The Bank of Canada remains clear that it doesn't want to use its interest rates to put the brakes on the runaway Toronto-area housing market. But at the same time, the path is in sight for the bank to contribute a rate hike or two to the solution.
In discussing its latest interest rate decision and quarterly economic outlook Wednesday, the Bank of Canada sounded perhaps more concerned than ever about a rising housing tide in and around Canada's biggest city. It has now started to talk about the price surge as a "Golden Horseshoe" issue, reflecting its widening geographic spread in Canada's biggest regional economy. Bank of Canada Governor Stephen Poloz used the word "unsustainable," and said that "of course it's vulnerable to a correction." And he repeated the bank's position that if the chips were to fall badly, this poses a meaningful risk to the stability of the country's financial system.
Yet the bank held its key interest rate steady at a thin 0.5 per cent, where it has now sat for more than 20 months – something Mr. Poloz acknowledged has helped juice housing demand in parts of the country, most notably the Toronto and Vancouver areas.
Mr. Poloz is sticking to his long-held guns that interest rates, while they may have helped get us into this housing mess, are not the best tool to get us out of it.
Specifically, Mr. Poloz said that when it comes to the central bank balancing its mandate of pursuing its 2-per-cent inflation target (which is, by proxy, a goal of getting economic growth close to its sustainable potential) against its management of financial risks, the inflation target takes precedence.
The housing situation would have to become so precarious that it actually threatened the path to reaching the inflation target, he said, before it would justify interest rate action.
But while the central bank is clearly not about to raise rates solely to lean against the housing market, the strength of the economy may be opening a fortuitous window for it to raise interest rates for its preferred economic reasons – and, in doing so, lend a timely hand to the efforts to rein in the housing market.
Despite the bank's continued best efforts to find the dark lining on every silver economic cloud, the bottom line of its updated economic outlook is that the economy will reach full capacity some time in the first-half of 2018 – which, if you take the midpoint of that time frame, implies roughly one quarter sooner than the bank's previous forecast of mid-2018. It's typical that the central bank would start to look at raising rates as the economy neared full capacity, to nip inflationary pressures in the bud, rather than waiting for it to definitively reach full speed; so, a rate hike by early 2018 is now a distinct possibility.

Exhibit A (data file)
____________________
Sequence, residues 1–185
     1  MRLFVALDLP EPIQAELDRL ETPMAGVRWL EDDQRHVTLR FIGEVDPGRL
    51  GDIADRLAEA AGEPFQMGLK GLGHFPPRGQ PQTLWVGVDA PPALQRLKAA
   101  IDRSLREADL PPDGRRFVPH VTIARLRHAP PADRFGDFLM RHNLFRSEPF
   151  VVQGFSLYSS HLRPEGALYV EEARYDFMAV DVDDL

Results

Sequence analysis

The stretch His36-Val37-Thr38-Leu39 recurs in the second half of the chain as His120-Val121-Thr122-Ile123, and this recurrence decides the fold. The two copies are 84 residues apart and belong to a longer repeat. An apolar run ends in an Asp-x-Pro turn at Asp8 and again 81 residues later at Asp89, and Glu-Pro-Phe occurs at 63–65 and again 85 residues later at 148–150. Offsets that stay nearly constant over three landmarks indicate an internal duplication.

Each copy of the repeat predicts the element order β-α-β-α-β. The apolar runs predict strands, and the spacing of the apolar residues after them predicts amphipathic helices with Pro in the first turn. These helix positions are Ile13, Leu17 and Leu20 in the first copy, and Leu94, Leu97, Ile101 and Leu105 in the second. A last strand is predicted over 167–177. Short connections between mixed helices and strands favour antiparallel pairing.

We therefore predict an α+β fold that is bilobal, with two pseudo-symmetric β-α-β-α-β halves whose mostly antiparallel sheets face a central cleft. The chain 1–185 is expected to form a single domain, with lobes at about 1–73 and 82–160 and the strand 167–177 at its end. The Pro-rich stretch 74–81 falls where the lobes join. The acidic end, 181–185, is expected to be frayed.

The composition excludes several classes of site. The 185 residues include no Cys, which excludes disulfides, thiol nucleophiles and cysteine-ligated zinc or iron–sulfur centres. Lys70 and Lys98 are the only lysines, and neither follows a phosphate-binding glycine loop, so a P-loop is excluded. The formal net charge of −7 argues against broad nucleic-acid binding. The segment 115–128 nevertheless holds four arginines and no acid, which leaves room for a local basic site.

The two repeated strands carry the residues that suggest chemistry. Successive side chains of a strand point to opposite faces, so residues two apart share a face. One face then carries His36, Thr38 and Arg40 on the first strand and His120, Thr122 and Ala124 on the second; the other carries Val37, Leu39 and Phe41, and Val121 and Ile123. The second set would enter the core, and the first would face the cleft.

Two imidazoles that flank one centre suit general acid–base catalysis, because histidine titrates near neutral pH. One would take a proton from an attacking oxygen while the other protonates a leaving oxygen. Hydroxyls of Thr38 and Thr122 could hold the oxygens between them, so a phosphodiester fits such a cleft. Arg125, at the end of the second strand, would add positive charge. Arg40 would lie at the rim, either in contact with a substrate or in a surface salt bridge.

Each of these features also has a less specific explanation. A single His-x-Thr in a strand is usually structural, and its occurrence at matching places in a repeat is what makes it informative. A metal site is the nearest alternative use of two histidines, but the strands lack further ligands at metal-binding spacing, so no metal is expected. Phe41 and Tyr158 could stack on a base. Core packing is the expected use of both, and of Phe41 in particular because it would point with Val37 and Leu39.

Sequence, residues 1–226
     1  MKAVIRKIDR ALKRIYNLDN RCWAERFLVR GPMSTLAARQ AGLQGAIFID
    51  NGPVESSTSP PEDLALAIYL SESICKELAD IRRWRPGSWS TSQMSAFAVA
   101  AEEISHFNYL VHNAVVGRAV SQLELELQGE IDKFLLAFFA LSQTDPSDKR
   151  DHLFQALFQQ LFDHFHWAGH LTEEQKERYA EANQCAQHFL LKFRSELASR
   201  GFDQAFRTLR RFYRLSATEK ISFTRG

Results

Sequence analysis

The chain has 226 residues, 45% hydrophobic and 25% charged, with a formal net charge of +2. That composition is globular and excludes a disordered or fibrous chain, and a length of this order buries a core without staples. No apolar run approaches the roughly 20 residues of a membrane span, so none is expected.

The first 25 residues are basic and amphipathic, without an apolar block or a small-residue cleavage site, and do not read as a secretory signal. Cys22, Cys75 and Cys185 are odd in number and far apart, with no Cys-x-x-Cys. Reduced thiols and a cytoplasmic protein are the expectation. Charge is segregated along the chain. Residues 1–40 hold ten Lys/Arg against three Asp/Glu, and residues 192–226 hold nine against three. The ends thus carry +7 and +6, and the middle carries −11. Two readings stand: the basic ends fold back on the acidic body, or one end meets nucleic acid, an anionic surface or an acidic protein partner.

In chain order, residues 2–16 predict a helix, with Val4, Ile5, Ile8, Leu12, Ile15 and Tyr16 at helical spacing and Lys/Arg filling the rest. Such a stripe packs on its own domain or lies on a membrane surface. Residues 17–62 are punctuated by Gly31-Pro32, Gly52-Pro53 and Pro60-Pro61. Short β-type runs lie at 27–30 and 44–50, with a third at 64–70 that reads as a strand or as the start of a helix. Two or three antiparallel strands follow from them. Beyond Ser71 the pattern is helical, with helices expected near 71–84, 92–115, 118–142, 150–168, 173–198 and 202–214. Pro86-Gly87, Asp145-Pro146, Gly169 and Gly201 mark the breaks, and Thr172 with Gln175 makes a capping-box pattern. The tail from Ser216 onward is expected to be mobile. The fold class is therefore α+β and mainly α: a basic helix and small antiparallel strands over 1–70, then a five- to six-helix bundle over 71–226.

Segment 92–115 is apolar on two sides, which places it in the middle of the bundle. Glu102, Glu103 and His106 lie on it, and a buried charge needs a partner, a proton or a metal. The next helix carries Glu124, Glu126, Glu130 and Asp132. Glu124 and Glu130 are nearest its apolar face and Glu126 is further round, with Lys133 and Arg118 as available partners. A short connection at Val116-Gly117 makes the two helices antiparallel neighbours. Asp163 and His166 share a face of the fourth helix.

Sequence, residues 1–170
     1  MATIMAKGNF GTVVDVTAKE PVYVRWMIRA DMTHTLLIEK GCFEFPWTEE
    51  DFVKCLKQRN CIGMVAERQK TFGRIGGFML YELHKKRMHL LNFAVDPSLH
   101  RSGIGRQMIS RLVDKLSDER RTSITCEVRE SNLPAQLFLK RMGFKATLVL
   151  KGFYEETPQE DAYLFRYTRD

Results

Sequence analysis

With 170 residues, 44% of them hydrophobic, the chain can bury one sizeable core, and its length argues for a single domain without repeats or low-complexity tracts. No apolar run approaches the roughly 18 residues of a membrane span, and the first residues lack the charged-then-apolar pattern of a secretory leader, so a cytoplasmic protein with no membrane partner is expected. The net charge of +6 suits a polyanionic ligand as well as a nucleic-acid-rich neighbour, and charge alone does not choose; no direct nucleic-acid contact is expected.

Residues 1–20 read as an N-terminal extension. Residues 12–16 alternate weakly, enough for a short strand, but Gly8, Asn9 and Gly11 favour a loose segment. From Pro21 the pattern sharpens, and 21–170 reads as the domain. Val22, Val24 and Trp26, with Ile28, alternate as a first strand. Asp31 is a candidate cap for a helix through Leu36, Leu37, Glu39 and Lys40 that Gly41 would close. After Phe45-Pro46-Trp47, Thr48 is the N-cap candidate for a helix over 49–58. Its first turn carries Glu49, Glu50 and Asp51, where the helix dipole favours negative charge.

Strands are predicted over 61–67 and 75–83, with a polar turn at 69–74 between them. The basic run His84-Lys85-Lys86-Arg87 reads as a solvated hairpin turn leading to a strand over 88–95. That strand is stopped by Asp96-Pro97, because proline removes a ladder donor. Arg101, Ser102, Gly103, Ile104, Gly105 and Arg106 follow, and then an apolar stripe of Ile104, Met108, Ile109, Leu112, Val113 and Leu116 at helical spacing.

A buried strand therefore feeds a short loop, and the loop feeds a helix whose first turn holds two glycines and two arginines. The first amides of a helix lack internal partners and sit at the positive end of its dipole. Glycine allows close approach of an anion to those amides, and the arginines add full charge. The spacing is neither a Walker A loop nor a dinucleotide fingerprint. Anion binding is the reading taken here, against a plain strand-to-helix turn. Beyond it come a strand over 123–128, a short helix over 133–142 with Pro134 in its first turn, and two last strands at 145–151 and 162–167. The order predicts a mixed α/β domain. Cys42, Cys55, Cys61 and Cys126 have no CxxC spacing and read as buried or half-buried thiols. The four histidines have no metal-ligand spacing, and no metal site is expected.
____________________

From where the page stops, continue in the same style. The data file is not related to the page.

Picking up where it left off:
Could it come sooner? Absolutely. By its own admission, the Bank of Canada is being pretty cautious in its outlook. It is erring on the side of the recent growth surge being fuelled largely by temporary factors; pretty much everywhere it has raised its near-term forecasts, it has offset them with similar trims to its longer-term projections. It's not willing to book the past several months of upturn as a true trend until it has seen the whites of its eyes. And it's very wary of the looming risks, particularly from U.S. trade policy, that could seriously derail Canadian growth.
But in terms of the straight economic trajectory, the risks to the bank's outlook appear tilted to the upside. If the bank's caution proves unfounded, and the recent economic surge is maintained and built upon, then a rate hike before the end of this year is not out of the question. That could be followed by at least one more hike by the middle of next year.
How meaningful would that be to addressing the Toronto housing extremes? It's hard to say. Mr. Poloz made the point that some relatively small rate increases from the current historically low levels won't meaningfully dissuade speculators who are drooling at the prospect of 30-per-cent annual price increases, which he increasingly believes is the main driver of the Horseshoe's price frenzy. Still, there's little doubt that rising interest rates would discourage demand more generally, and thus would have an overall chilling effect on the marketplace – especially if they coincided with other policy efforts being contemplated at the municipal and provincial levels.
The Bank of Canada's own rising concern about the Toronto housing frenzy might motivate it to lean toward beginning rate increases earlier rather than later, as long as the economy continues to build on its gains. Still, turning central-bank policy direction is like turning a cruise ship – course changes are slow, gradual, and with great care not to make the passengers seasick. Overheated housing markets can be particularly sensitive things in this regard.
So, the Bank of Canada isn't going to make any drastic pronouncements that would rock the boat, be it in housing, the financial markets or the broader economy. Still, Wednesday's cautious shift in outlook suggests that the turn may have begun. Regardless of the motivations behind it, it could prove timely for Toronto's housing dilemma.